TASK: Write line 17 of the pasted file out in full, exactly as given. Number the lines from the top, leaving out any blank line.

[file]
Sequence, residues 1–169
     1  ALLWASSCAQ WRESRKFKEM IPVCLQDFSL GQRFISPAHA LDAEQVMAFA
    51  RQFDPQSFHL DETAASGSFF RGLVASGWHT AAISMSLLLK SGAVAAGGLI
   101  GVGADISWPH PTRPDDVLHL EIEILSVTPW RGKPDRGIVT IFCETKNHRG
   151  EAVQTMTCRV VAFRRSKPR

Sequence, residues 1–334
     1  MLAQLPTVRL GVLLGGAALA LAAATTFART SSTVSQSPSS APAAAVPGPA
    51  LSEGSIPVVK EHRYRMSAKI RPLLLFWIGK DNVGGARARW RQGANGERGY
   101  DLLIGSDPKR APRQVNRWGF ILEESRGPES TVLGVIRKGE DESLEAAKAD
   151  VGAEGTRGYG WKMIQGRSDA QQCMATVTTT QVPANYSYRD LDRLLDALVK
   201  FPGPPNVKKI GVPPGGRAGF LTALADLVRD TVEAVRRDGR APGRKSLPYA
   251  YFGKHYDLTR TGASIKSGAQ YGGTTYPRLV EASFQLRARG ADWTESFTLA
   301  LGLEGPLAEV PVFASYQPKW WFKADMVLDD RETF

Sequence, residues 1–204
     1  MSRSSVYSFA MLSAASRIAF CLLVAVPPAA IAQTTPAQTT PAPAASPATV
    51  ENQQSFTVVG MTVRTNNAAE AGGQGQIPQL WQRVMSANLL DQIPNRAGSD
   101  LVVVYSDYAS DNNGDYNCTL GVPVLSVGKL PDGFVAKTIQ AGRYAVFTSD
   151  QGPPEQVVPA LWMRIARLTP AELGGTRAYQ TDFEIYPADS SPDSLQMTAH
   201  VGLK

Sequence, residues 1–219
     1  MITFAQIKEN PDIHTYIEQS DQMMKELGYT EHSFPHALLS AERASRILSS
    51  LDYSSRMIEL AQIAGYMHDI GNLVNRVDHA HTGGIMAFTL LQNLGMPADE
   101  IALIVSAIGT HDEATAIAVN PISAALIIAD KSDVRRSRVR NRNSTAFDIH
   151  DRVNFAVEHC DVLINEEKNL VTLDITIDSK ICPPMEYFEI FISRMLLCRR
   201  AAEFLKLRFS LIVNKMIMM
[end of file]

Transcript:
   101  LVVVYSDYAS DNNGDYNCTL GVPVLSVGKL PDGFVAKTIQ AGRYAVFTSD